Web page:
Learning With Paul … and Paul

Today is Rosh Chodesh Av (see my previous post), beginning a period of mourning within Judaism called the “Nine Days” – beginning with the first of Av and culminating on the 9th of Av with the fast day known as Tisha B’Av.

But today is also a significant day for two other reasons – yesterday was the traditional yahrzeit of the Apostle Paul and today is the yahrzeit of Paul Philip Levertoff – two great talmidim of Yeshua, and heroes of our Messianic Jewish faith. The Vine of David blog has done a great job highlighting these two figures and their yahrzeits (see the above links). So instead of repeating what they already said, I would like to focus on something else.

It is traditional within Judaism, especially within Chasidic circles, to commemorate the yahrzeit of a great teacher by gathering together to study their works or to study Torah in honor of their memory. Therefore, I would like to do a little learning together from their works in honor of their memory:

The_Apostle_Paul_-_Rembrandt“For we have this treasure in earthen vessels, so that it will be evident that such overwhelming power comes from G-d and not from us. We have all kinds of troubles, but we are not crushed; we are perplexed, yet not in despair; persecuted, yet not abandoned; knocked down, yet not destroyed … We concentrate not on what is seen but on what is not seen, since things seen are temporary, but things not seen are eternal.” (2 Cor. 4:7-9,18)

And also a little teaching from Levertoff:

Levertoff“The Law is our treasure, in which we rejoice. It is a hidden treasure because the deepest spiritual meaning is as yet not made perfectly clear to us. Yet one thing we know: it is the revelation of G-d, and this makes it very precious to us. But the day will come when the divine mysteries of the Law will be unfolded by the Messiah, and we shall see G-d face to face. Then our souls will be filled with delight.” -Paul Philip Levertoff (Love and the Messianic Age, p. 58)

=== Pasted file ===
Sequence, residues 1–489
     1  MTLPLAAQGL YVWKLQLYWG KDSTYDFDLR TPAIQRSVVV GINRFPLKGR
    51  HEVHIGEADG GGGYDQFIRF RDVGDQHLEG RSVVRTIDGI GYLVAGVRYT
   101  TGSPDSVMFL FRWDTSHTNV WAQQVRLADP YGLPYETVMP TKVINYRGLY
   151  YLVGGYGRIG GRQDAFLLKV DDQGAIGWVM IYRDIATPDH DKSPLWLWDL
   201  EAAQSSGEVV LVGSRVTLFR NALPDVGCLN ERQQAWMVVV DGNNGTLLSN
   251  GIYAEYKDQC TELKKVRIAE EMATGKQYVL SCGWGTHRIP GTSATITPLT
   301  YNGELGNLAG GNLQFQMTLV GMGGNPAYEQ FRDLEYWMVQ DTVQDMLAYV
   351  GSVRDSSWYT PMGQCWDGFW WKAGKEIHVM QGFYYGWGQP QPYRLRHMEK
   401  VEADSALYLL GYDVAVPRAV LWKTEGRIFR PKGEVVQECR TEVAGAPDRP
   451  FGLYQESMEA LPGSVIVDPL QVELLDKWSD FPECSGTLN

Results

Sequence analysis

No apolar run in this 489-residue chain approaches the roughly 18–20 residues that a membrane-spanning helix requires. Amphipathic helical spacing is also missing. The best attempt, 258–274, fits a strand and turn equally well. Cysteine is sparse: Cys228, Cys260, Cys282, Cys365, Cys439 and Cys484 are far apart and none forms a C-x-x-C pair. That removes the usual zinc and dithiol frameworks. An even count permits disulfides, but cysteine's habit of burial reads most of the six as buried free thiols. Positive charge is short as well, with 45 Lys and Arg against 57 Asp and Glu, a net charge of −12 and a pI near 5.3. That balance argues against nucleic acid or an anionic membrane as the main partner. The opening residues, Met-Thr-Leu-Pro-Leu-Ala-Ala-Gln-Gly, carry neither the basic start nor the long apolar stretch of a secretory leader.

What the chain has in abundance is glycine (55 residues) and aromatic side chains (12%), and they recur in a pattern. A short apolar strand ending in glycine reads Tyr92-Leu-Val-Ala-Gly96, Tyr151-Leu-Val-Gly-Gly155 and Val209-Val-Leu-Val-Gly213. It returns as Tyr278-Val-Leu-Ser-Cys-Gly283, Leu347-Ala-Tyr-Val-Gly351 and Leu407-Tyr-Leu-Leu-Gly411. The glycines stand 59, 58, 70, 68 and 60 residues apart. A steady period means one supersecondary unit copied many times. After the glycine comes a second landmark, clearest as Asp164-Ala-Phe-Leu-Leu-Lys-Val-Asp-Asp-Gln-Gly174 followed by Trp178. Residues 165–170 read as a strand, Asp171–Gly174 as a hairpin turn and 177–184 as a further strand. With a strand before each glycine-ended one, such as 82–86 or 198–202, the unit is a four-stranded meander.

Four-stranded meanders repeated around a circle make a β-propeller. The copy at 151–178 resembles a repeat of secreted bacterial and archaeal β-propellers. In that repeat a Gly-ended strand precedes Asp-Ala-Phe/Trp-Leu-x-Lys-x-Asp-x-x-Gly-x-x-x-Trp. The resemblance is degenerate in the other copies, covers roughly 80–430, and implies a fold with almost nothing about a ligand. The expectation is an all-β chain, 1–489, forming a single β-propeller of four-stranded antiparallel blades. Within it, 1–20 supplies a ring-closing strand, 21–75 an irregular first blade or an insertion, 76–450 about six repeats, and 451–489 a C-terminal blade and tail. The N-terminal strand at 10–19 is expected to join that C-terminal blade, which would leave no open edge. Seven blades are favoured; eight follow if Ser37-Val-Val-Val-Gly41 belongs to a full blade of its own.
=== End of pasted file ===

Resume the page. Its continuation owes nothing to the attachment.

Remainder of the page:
It is no accident that during this period of mourning over the destruction of the Temple and the following exile of the Jewish people, that we also mourn the loss of these two great tzaddikim. Our longing for the restoration of our people from exile (both physically and spiritually), as well as the return of Mashiach, are central tenants of our faith. Therefore, during these nine days, let us join our people in not only mourning the loss of both Temples in Jerusalem and their surrounding calamities, but all the other catastrophes which have befallen the Jewish people during this season. And let us especially cry out for redemption, for Mashiach to return and usher in the Messianic Age.

As Levertoff once wrote, “It is the business of the Chasid to live now for the realization of this Messianic Age.”

Zichronam Livrachah – May their memories be a blessing, and may they continue to inspire us to prepare the world for the return of Mashiach.

*For some video learning from Levertoff, visit HERE.

About Rabbi Joshua

I'm a Rabbi, writer, thinker, mountain biker, father and husband ... not necessarily in that order. According to my wife, however, I'm just a big nerd. I have degrees in dead languages and ancient stuff. I have studied in various Jewish institutions, including an Orthodox yeshiva in Europe. I get in trouble for making friends with perfect strangers, and for standing on chairs to sing during Shabbos dinner. In addition to being the Senior Rabbi of Simchat Yisrael Messianic Synagogue in West Haven, CT, I write regularly for several publications and speak widely in congregations and conferences. My wife is a Southern-fried Jewish Beltway bandit and a smokin' hot human rights attorney... and please don’t take offense if I dump Tabasco sauce on your cooking.
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